Iranian diplomat suggests closing eyes to the past and looking to the future in Afghanistan

July 18, 2021 - 20:52

TEHRAN – An Iranian Foreign Ministry official said on Saturday that Afghanistan has no option other than dialogue, common understanding, compromise, forgiveness, and “closing eyes to the past and looking into the future.”

Rasoul Mousavi, director-general of the West Asia Department in the Foreign Ministry, said he has just “returned home from Kabul” and is “more concerned than ever about what is happening in Afghanistan.”

Writing on his Twitter account, Mousavi said, “Opportunities pass like clouds. The opportunity of peace must be taken today, not tomorrow, as it might be late.”

Mousavi travelled to Kabul on Thursday and Friday for talks with several senior officials of Afghanistan, including Chairman of the High Council for National Reconciliation Abdullah Abdullah.

Iran hosted talks between the Afghan government and the Taliban on July 8 and 9.

At the second day of the meeting, Iranian Foreign Minister Javad Zarif urged the two sides to put an end to the decades-long war in Afghanistan.

Zarif advised the sides that “showing courage in peace is more important than showing courage in war.”

“Showing courage in peace is more important than showing courage in war; because to achieve peace, one must sacrifice and forgive and ignore maximum demands and [instead] heed the demands of the other side, especially in these negotiations where ... both sides are brothers and in pursuit of peace and well-being of the Afghan nation,” Zarif told the final session of the talks.

On the first day of the meeting on July 8, Zarif said Iran is happy to host talks between the representatives from the Afghan government and the Taliban, calling them Iran’s “brethren”.

“Honored to be host of cordial & substantive dialog between senior Afghan reps. As foreign forces leave Afghanistan, no impediment remains for Afghans of all political stripes to chart a peaceful & prosperous future for the next generation. Iran stands with our Afghan brethren,” Zarif tweeted.

Iran is planning to host a second meeting between the Afghan government and other Afghan groups to bring peace to the war-torn Afghanistan.

The meeting titled "Afghanistan, Sustainable Peace and Security" is initiated by Iran and hosted by the World Assembly of Islamic Awakening. The conference will start on Monday, July 19, with a speech by Ali Akbar Velayati, secretary-general of the World Assembly of Islamic Awakening.

The summit will be attended by various Afghan and international groups and parties influential in the Afghan peace process.

Representatives of the Afghan government and the Taliban met in Doha for talks on Saturday, AFP correspondents said, as violence rages in the country with foreign forces almost entirely withdrawn.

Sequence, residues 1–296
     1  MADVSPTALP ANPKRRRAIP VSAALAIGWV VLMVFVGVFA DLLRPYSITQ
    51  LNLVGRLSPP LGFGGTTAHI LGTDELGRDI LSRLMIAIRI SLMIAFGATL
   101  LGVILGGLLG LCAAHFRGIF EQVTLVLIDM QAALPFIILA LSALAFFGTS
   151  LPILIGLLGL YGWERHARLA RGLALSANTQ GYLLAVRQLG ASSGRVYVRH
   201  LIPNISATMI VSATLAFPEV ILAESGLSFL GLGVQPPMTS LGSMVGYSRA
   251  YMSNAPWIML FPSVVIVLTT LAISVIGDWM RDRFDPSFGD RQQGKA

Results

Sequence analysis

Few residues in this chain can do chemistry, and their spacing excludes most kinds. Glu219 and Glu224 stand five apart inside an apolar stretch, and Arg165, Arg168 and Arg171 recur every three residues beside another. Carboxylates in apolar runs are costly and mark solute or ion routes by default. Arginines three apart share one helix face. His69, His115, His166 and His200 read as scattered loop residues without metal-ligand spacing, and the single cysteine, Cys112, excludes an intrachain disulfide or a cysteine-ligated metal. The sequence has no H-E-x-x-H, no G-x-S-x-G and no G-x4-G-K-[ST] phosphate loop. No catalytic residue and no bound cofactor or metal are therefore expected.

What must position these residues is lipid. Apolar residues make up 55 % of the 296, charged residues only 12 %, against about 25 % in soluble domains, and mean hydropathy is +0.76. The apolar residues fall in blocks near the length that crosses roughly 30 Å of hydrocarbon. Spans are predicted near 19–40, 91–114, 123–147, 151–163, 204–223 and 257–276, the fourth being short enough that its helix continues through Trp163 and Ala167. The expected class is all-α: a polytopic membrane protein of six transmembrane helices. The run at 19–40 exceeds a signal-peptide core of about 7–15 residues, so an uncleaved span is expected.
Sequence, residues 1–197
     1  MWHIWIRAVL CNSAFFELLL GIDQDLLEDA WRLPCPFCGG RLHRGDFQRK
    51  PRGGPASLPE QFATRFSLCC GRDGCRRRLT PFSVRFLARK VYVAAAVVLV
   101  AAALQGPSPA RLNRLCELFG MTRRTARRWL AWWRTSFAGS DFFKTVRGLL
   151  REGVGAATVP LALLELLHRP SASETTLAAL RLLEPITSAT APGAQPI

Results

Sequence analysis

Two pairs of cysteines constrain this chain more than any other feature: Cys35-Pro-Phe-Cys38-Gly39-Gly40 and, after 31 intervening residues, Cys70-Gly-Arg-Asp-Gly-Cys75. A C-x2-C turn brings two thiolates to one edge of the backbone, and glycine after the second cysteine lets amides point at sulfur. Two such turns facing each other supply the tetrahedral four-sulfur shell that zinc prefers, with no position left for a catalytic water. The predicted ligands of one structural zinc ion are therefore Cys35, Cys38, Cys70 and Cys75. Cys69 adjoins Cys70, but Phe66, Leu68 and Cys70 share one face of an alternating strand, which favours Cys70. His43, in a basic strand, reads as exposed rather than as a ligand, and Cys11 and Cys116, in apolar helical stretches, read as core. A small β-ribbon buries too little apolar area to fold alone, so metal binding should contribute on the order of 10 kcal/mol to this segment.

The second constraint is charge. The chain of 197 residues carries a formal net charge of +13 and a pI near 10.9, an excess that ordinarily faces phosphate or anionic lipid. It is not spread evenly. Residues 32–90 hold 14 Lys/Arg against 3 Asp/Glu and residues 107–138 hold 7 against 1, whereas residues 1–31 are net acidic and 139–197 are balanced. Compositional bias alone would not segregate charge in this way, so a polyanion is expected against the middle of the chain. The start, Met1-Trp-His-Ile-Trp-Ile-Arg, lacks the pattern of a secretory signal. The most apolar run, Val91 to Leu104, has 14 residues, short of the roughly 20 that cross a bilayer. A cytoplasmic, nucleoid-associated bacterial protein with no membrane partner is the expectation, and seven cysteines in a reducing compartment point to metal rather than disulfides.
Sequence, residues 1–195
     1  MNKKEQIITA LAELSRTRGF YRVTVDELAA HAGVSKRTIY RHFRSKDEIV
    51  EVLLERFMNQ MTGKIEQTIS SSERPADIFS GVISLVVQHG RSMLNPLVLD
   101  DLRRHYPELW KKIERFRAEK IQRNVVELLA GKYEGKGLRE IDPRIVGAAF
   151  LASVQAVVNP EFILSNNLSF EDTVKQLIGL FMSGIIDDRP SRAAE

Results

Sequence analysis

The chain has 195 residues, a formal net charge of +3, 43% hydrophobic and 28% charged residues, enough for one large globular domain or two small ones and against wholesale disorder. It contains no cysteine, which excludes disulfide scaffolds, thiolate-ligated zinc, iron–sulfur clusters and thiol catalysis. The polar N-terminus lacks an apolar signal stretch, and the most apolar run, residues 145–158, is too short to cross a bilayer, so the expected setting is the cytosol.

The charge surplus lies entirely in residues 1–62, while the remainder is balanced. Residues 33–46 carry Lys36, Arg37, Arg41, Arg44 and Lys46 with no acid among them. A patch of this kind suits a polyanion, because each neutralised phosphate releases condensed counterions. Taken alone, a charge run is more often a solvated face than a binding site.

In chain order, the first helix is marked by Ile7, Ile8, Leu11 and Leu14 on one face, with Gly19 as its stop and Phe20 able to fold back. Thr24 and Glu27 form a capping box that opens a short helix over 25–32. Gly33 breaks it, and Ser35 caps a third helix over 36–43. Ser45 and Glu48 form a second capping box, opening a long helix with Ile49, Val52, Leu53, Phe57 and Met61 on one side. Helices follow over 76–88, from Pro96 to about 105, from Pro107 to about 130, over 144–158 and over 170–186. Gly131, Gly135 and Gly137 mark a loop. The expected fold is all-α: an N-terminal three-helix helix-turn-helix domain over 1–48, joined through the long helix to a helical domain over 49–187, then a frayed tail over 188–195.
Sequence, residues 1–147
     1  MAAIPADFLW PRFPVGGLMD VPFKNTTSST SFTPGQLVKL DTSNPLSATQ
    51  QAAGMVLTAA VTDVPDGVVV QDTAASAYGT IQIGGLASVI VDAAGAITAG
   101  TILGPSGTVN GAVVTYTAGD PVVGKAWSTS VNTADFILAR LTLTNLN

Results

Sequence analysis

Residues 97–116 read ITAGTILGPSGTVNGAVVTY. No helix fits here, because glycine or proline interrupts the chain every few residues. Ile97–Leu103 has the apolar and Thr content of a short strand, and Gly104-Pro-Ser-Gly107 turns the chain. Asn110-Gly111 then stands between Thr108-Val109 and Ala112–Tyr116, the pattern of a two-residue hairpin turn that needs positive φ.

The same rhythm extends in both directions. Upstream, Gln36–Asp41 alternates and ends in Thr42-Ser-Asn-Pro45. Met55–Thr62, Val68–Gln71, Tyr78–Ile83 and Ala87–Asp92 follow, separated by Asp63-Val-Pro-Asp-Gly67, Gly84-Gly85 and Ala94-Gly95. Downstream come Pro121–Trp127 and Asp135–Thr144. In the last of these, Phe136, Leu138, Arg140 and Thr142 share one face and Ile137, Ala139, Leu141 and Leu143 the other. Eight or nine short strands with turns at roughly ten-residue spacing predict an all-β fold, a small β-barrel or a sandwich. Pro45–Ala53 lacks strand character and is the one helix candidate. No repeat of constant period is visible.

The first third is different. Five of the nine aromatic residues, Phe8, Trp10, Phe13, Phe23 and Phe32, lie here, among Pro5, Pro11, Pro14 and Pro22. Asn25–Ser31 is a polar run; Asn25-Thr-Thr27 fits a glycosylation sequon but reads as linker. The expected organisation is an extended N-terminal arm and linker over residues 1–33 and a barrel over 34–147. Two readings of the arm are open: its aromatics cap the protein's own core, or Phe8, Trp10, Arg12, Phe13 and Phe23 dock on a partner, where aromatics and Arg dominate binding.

The two sides have been meeting on and off for months in the Qatari capital, but the talks have lost momentum as the insurgents have made battlefield gains.

Several high-ranking officials, including Abdullah, gathered in a luxury hotel on Saturday after morning prayers. They were joined by negotiators from the Taliban’s political office in Doha.

Former president Hamid Karzai had also been due to travel to Doha but remained in Kabul, according to a source.

“The high-level delegation is here to talk to both sides, guide them and support the (government) negotiating team in terms of speeding up the talks and have progress,” said Najia Anwari, the spokeswoman for the Afghan government negotiating team in Doha.

“We expect that it (will) speed the talks and in a short time, both sides will reach a result and we will witness a durable and dignified peace in Afghanistan,” she told AFP.

The Taliban have capitalized on the last stages of the withdrawal of U.S. and other foreign troops from Afghanistan to launch a series of lightning offensives across the country.

“We are ready for dialogue, for talks and negotiations, and our priority is to solve the problems through dialogue,” Taliban spokesman Muhamad Naeem told the Al Jazeera broadcaster ahead of Saturday’s talks.

“The other side must have a true and sincere will to end the problems.”

Pakistan on Saturday partially reopened its side of the southern border crossing with Afghanistan, shut after the Taliban seized control of the strategic Afghan frontier town of Spin Boldak from government forces last week.

Muhammad Tayyab, a local paramilitary official, said the decision was taken because of “relative calm on the other side”, but that the crossing would remain closed to trade.

The Taliban have also tightened their grip on the north, with clashes continuing Saturday in the stronghold of infamous warlord Abdul Rashid Dostum, that borders Turkmenistan.

Also on Saturday, the French government flew out around 100 of its citizens and Afghans working for the embassy from the capital, as security deteriorated, a French diplomatic source said.

Several other countries including India, China, Germany and Canada have flown out their citizens or told them to leave in recent days.

There have been weeks of intensifying fighting across Afghanistan, with the Taliban pressing multiple offensives and overrunning dozens of districts at a staggering rate.

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